If you have any questions, please reach out to us via email at socialfinance@innoweave.ca

We look forward to you joining us!

The NORDIK Institute and Innoweave teams

Joan Kuyek, author, university lecturer and founding coordinator of MiningWatch Canada will be in Sault Ste. Marie on Thursday January 30 to explore the true social and economic costs of mining with a particular focus on the Ring of Fire and related developments, such as the proposed ferrochrome smelter.

Co-hosted by NORDIK Institute, Clean North. the Lake Superior Watershed Conservancy, and Algoma’s Water Tower Inn, the event is expected to attract substantial local interest in Kuyek’s most recent book, Unearthing Justice: How to Protect Your Community from the Mining Industry

Let us know if you want to join us at Algoma’s Water Tower Inn for the Book Launch.

For immediate release:


September 3, 2019 –  NORDIK Institute will be spearheading the Northern regional development of the Women of Ontario Social Enterprise Network (WOSEN) Project.  The Honourable Mary Ng, Minister of Small Business and Export Promotion, announced that Pillar Nonprofit Network and partners NORDIK InstituteOkwaho Equal Source, and the Centre for Social Innovation will benefit from a FedDev Ontario investment of up to $3.6 million to deliver the Women of Ontario Social Enterprise Network (WOSEN) project.

This investment in diverse women social entrepreneurs in Ontario is being made as part of the federal government’s Women Entrepreneurship Strategy (WES) Ecosystem Fund. Announced in 2018, WES is a $2-billion investment that seeks to double the number of women-owned businesses by 2025. Through WES, the Government of Canada is demonstrating its commitment to gender equality, advancing women’s full and equal participation in the economy.

In Ontario, the WOSEN project will support 150 new and expand 75 existing women-led social enterprises, offer 10 Women-Centered Innovation Trainings to 250 people, provide training for 45 business coaches and connect to investment opportunities through the Women Impact Investor Network. In this way, WOSEN aims to broaden and diversify the entrepreneurial ecosystem for women, through inclusive design and Indigenous knowledge and practice.

“Our government believes that women’s economic empowerment is not just the right thing to do; it’s good for the bottom line. That’s why we launched the Women Entrepreneurship Strategy. It’s a smart investment with an economic and social return,” said Minister Ng.

This investment is particularly important for northern women who have typically been excluded from the dominate resource-extractive economy. “We are excited to build on our past work in social enterprise and our efforts to make a more just and inclusive economy here in Northern Ontario,” said Sean Meades, Director of NORDIK Institute. “We have worked with Pillar Nonprofit for several years on province-wide projects promoting social enterprise and social entrepreneurship, and we look forward to the next phase and new partners we’ll be working with in the process.” It will support them in developing meaningful new economy employment that contributes to broader health and wellbeing and community resilience.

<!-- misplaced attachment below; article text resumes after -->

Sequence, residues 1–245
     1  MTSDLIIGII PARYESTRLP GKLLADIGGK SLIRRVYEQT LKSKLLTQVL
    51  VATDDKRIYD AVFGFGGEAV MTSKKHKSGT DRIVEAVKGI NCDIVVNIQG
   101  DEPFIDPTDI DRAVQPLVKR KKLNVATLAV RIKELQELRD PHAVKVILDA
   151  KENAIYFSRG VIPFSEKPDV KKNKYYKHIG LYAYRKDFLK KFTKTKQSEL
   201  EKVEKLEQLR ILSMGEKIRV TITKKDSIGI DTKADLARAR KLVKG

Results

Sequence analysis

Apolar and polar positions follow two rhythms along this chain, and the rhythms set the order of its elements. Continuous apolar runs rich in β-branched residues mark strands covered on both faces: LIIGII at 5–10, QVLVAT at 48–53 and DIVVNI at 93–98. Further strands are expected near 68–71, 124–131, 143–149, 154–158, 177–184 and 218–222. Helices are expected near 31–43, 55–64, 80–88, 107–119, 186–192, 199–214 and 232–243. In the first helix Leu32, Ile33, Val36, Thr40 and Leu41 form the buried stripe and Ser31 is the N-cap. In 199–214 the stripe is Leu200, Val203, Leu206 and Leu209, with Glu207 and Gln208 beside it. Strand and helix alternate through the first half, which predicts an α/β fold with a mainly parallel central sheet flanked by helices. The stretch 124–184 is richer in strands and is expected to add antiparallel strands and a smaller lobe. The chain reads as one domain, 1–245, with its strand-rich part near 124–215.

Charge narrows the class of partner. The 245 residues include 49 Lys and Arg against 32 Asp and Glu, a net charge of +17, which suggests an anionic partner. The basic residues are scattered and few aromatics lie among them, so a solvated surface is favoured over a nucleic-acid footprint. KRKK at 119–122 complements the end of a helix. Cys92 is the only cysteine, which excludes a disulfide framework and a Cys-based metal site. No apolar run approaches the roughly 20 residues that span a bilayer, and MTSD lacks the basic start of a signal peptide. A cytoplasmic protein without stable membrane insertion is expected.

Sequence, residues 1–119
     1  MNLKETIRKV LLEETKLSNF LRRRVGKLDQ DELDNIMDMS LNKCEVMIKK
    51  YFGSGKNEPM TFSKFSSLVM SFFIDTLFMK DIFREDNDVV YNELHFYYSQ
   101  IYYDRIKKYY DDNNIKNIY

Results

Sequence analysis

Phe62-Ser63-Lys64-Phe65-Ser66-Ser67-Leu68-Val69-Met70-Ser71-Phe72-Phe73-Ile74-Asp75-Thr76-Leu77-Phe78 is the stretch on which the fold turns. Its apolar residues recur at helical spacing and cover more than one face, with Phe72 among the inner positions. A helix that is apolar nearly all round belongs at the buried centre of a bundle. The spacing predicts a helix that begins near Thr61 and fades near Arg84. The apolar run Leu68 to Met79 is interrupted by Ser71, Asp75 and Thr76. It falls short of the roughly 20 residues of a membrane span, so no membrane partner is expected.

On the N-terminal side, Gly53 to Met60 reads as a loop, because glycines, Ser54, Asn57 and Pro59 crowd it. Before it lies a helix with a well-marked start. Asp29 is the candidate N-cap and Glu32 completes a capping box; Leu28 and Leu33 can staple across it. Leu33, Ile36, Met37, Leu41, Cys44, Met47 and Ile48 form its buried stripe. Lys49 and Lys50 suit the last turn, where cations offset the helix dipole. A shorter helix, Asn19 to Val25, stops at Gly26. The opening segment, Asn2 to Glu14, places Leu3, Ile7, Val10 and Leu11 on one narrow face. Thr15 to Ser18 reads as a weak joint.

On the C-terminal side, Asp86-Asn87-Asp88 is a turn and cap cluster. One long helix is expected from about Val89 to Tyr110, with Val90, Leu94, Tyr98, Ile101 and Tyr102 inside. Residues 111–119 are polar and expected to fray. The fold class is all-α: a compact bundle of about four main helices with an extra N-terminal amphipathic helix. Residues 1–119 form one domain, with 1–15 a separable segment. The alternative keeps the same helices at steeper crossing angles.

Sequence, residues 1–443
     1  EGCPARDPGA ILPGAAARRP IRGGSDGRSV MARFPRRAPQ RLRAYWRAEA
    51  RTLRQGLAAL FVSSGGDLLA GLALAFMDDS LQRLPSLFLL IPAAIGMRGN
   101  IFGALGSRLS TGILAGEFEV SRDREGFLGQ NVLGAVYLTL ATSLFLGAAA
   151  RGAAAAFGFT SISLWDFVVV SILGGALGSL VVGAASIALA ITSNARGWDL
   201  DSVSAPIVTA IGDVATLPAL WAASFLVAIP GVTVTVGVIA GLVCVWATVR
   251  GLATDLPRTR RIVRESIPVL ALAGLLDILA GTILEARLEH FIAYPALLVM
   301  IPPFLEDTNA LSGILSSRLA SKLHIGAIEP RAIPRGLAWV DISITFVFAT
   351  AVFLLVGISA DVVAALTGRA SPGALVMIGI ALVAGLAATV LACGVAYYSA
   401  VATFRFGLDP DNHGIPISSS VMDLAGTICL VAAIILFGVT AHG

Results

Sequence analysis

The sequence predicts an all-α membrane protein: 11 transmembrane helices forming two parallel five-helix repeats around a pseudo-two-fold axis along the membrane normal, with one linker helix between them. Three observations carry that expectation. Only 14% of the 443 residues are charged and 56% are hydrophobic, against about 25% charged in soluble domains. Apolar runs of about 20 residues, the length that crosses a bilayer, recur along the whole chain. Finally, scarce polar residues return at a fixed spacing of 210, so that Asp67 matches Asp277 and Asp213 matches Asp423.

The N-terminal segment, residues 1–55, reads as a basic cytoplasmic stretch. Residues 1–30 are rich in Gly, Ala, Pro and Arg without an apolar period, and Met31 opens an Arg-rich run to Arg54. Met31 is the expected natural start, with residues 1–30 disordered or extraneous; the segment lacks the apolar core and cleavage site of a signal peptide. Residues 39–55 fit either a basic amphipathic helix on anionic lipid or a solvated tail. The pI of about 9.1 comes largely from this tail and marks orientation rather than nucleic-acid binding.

To learn more about the Women’s Entrepreneurship Strategy, visit https://www.ic.gc.ca/eic/site/107.nsf/eng/home

NORDIK (Northern Ontario Research, Development, Ideas and Knowledge) Institute is a community-based research group that has evolved from the Community, Economic, and Social Development (CESD) program and research at Algoma University. Since its inception in 2006, NORDIK has established strong links with other research institutes, universities, and colleges. NORDIK is committed to the practice of holistic community development and building local research capacity by working closely with its community partners and providing mentorship to new researchers and community development practitioners. For more information, please visit www.nordikinstitute.com.

Pillar Nonprofit Network supports over 610 nonprofits, social enterprises and innovators by sharing resources, knowledge and connections across the three pillars of nonprofit, business and government.

Okwaho Equal Source empowers diverse entrepreneurs and minority-owned enterprises with resources and tools to fuel social, economic, and environmental impact.

Centre for Social Innovation Toronto is home to 1,000 nonprofits, charities and social ventures and provides these members with the spaces, knowledge, tools, resources and connections they need to grow their impact. For 15 years, CSI has been female-led.

Please click on the link below to hear Project Lead, Krista Bissaillon, speak about the relevance of the Urban Indigenous Youth For Change initiative and the importance of social enterprise for Indigenous youth in Northern Ontario.

NORDIK’s Valuing Northern Libraries Toolkit was co-warded Project of the Year at Sault Ste. Marie Innovation Centre’s SSMARt Innovation Awards on November 21st

Our profile begins at 9mins 30sec


The toolkit provides a new and innovate way for libraries to measure their impact and affirm their value as contributors to the culture, wellness, and economy of every community across the North. It provides a method for small, rural, Northern and Indigenous libraries to assess their Social Return on Investment based on data they current gather, ensuring each library can complete the study independently.

NORDIK developed this toolkit in partnership with Ontario Library Services North (OLSN) and five pilot public libraries across Northern Ontario.

The project demonstrates the reach and impact of NORDIK and Algoma University’s contributions to capacity building and community development throughout Northern Ontario.